Throughout 2019, China has continued to secure itself as a world leader in today’s most controversial type of tech — facial recognition.
The country seems to be applying the technology to all areas of human life, although many believe that in some of these areas, facial recognition has no business being there.
Facial recognition has been found in schools across China, in toilets to stop toilet paper thieves, and on streets to penalise people for jaywalking.
While the country is now aiming to curb the technology in schools due to many parents concerns of their kids’ privacy, China continues to come up with new reasons to capture its citizens’ features.
Xinhua News Agency has earlier reported that since the launch of the central government’s “smart tourism” initiative in 2015, more than 270 tourist attractions around the country have introduced facial recognition systems.
Hope for natives might come in the form of Guo Bing, an associate law professor at Zhejiang Sci-tech University who is taking a wildlife park to court for breach of contract after it replaced its fingerprint-based entry system with one that uses facial recognition.
Guo bought an annual pass to Hangzhou Safari Park for 1,360 yuan (US$190) in April, Southern Metropolis Daily recently reported.
When he was informed last month that the park was switching to facial recognition entry, Guo became concerned over identity theft and requested a refund.
The park refused to give him his money back so he filed a civil lawsuit last week at a district court in Fuying, Hangzhou, the capital of Zhejiang province.
The report, which was also covered by South China Morning Post, confirmed that the court had accepted Bing’s case in which he is demanding 1,360 yuan in compensation — the cost of the annual ticket.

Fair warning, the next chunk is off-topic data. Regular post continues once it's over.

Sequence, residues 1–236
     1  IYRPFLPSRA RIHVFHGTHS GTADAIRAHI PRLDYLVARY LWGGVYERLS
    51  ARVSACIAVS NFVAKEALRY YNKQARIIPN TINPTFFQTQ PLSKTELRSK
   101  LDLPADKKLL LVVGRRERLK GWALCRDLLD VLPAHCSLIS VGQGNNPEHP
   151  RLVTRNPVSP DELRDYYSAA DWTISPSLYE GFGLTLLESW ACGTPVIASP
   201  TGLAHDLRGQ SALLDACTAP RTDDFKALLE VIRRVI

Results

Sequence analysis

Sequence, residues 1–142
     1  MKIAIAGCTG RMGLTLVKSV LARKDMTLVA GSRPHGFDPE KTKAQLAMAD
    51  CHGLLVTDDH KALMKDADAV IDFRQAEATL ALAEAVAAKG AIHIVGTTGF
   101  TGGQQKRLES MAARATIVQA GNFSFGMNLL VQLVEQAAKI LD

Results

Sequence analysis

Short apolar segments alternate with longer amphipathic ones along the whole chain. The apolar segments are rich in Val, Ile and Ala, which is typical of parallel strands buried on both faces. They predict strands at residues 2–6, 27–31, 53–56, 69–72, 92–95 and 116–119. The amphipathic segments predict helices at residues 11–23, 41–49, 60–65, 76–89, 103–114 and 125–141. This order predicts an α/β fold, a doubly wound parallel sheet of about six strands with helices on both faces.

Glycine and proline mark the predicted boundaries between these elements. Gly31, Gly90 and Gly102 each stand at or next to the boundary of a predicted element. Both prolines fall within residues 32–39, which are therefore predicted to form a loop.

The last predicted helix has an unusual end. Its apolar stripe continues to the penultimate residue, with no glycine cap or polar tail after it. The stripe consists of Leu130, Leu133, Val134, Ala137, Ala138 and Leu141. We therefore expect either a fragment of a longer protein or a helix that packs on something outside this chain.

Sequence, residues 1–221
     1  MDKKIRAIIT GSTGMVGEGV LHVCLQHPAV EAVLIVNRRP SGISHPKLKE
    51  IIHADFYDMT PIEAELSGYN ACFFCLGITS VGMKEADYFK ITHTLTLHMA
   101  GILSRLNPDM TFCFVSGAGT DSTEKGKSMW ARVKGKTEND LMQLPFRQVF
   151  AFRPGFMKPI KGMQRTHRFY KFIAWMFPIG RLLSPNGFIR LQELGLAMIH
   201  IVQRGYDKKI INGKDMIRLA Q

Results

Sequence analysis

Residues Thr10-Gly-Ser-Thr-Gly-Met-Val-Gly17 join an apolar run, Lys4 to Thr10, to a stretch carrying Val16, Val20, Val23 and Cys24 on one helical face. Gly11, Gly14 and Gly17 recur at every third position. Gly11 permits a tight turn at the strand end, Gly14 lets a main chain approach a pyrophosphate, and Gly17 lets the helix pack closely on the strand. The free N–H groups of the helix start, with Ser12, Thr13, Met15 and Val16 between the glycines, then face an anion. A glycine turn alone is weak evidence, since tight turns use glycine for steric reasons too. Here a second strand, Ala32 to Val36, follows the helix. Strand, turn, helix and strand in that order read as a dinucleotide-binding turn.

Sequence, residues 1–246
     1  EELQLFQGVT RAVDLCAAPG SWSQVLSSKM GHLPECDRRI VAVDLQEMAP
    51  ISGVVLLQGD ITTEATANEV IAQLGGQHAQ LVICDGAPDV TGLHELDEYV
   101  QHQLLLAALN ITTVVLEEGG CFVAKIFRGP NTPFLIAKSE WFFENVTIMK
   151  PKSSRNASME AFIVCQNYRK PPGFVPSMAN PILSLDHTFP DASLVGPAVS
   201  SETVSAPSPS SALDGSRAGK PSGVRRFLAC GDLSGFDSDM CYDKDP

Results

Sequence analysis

Guo is disputing why an amusement park would need to collect such data and who would be responsible if there were any leaks.
“The purpose of the lawsuit is not to get compensation but to fight the abuse of facial recognition,” the report quoted him saying.
Bing said that when he bought the ticket – which offers 12 months’ unlimited park visits for himself and a family member – he was required to provide his name, phone number and fingerprints.
To this, he obliged and said he had visited the park on several occasions since.
But, when the park upgraded its admission system, all annual ticket holders were asked to update their accounts — including having a photograph taken — before October 17 to avoid being denied entry.
An unnamed manager of the park stated in the report that the move to facial recognition was to improve efficiency at the entrance gates.
Guo, however, believes that this change was an infringement of his consumer rights.
Zhao Zhanling, a lawyer at the Beijing Zhilin Law Firm, was inclined to agree, saying that it was possible that the park had breached the conditions of the original contract.
“The plaintiff’s concern is totally understandable,” he said.
Several Chinese news outlets have stated that Guo Bing’s case is the first of its kind meaning it could open up a wider debate around the use of facial recognition in the country.
The Guardian reported that Guo has previously backed the use of such technology by authorities but has also stated that the issue was in need of wider discussion in China.
“I think it is OK and, to some extent, necessary for government agencies, especially police departments, to implement this technology, because it helps to maintain public security,” Guo said, according to an interview with Beijing News.
“But it’s still worth discussing when it comes to the legitimacy and legality of using the technology.”
Nichole Onome Yembra